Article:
The Hunt for Planet X
WISE on Target to find Nearby Brown Dwarfs
The hunt for brown dwarfs and other potential neighbours to the Sun is picking up speed. Spurred on by the exciting discoveries made by the Spitzer telescope in recent years, the scientists preparing the WISE launch are getting increasingly excited about what they might discover out there (1). It's just a case of who's going to find the Dark Star first...WISE, SIRTF or the Japanese?
Puppis A, the remnant of a supernova explosion, as seen by WISE in infrared (2)
Hopefully, we're going to know within just a couple of years. Here's an extract from a recent press release from NASA:
"An estimated $300-million mission, the Wide-field Infrared Survey Explorer, or "Wise," has been in the planning stages for the past eight years. It is scheduled to launch into an Earth orbit in late 2009. It will spend seven months collecting data.
Such extensive sky coverage means the mission will find and catalogue all sorts of celestial eccentrics. These may include brown dwarfs, or failed stars, that are closer to Earth than Proxima Centauri, the nearest star other than our sun. Brown dwarfs are balls of gas that begin life like stars but lack the mass to ignite their internal fires and light up like normal stars. They do, however, produce warm infrared glows that Wise will be able to see.
"Brown dwarfs are lurking all around us," said Dr. Peter Eisenhardt, project scientist for the mission at NASA's Jet Propulsion Laboratory, Pasadena, Calif. "We believe there are more brown dwarfs than stars in the nearby universe, but we haven't found many of them because they are too faint in visible light." Wright, Eisenhardt and other scientists recently identified brown dwarfs using NASA's infrared Spitzer Space Telescope. Wise will vastly expand the search, uncovering those brown dwarfs closest to Earth that might make ideal targets for future planet-hunting missions. Recent Spitzer findings support the notion that planets might orbit brown dwarfs." (1)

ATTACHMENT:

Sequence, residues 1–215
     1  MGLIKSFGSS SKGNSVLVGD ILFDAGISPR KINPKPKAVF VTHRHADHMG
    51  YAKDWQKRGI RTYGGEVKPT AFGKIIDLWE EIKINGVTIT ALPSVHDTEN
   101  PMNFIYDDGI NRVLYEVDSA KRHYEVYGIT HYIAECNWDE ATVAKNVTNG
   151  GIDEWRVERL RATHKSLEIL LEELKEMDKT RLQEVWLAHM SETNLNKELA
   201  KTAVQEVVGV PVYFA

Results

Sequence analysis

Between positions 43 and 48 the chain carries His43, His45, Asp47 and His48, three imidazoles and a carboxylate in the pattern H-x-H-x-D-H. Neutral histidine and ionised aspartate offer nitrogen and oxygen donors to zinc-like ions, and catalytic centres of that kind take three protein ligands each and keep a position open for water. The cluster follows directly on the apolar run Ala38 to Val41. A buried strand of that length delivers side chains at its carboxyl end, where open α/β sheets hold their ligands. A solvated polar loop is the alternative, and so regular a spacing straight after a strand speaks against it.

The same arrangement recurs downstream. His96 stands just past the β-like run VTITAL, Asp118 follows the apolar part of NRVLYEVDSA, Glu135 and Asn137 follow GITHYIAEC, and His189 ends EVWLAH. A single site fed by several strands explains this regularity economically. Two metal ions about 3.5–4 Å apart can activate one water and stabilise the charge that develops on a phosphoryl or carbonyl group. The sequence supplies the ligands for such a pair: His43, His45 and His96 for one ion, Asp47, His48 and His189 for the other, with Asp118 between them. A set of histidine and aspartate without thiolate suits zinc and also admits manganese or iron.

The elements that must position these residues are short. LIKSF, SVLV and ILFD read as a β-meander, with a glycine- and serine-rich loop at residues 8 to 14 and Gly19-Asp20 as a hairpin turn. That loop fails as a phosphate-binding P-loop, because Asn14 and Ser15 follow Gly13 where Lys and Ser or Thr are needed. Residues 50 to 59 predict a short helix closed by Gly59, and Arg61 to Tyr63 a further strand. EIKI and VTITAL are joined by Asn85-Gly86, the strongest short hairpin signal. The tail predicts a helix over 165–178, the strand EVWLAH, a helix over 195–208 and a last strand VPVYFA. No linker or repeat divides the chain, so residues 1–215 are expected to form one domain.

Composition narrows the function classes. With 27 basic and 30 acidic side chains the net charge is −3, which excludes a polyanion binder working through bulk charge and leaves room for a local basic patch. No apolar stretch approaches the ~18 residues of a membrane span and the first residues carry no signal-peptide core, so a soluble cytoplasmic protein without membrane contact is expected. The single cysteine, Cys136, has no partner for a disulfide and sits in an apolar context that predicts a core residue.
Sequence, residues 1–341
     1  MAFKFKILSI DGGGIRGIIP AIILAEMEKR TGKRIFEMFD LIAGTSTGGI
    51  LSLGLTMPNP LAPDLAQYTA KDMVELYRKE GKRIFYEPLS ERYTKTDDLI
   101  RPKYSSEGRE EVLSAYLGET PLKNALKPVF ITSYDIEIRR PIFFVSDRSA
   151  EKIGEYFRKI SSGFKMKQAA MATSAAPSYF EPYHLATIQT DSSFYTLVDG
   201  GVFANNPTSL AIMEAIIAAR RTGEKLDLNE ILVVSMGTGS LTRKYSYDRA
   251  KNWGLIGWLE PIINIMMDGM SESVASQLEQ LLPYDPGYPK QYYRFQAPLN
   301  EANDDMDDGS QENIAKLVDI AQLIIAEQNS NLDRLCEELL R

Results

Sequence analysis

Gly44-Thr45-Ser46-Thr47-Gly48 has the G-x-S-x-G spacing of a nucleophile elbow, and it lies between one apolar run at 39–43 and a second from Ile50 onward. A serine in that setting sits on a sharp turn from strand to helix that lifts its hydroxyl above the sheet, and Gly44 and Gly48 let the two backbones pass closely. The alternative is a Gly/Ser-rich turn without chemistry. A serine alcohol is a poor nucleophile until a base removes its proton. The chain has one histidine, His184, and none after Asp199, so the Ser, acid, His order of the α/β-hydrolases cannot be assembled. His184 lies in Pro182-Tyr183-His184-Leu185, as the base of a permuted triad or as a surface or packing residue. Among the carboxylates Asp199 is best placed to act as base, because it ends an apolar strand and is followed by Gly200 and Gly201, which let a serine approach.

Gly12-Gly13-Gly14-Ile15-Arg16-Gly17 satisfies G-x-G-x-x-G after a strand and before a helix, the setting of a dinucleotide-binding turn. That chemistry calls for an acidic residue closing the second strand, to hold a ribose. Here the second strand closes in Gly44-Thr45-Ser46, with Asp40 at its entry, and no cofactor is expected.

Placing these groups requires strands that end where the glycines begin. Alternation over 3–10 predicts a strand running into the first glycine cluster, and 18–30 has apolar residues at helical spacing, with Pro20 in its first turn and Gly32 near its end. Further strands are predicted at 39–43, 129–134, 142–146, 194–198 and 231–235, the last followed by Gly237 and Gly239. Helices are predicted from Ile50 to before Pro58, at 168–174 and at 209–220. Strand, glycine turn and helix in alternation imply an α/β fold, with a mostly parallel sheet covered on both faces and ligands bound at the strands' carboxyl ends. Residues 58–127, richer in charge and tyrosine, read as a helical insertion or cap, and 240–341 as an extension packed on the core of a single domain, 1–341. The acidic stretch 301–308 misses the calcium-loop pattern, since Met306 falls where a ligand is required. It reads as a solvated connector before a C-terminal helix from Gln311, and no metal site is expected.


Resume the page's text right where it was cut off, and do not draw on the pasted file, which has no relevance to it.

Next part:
Welsh Company helps Hunt for Planet X
"In a departure from its core activities of providing networking and IT support to SMEs, Cardiff-based TiGra Networks has set up and automated two astronomical observatories for Space Exploration Limited, based in County Roscommon, Ireland. The project has been developed over the past 18 months.
"The contract developed out of TiGra Networks' founder Tim Long's passion for astronomy. Long told Ping Wales: “I’ve had an interest in astronomy for years. I have been writing software for amateur astronomers and that’s how Eamonn Ansbro, the director of Kingsland Observatory, found our website.”
"The observatories based at the Kingsland Observatory have two primary instruments a 36-inch Newtonian reflector, reportedly the largest optical telescope in the British Isles, and a 16-inch Schmidt Cassegrain. They will assist the Kingsland Observatory in asteroid surveys and the search for new minor planets known as Edgeworth-Kuiper Belt Objects (EKBOs) and in particular Planet X, a theoretical tenth planet, which could lie at the outermost reaches of the solar system." (3)
South Pole Telescope Info
Infra-red sky searches are usually conducted on space-based platforms, like IRAS in the 1980s, and SIRTF, soon to be launched. There are some telescopes on the ground, in Hawaii and Chile, which make use of altitude to minimise the affect of atmospheric water vapour absorbing the infra-red radiation travelling through the atmosphere from space. But even these locations only allow for a study of part of the whole I.R. spectrum.
Official Telescope Ground Breaking, 15th November 2004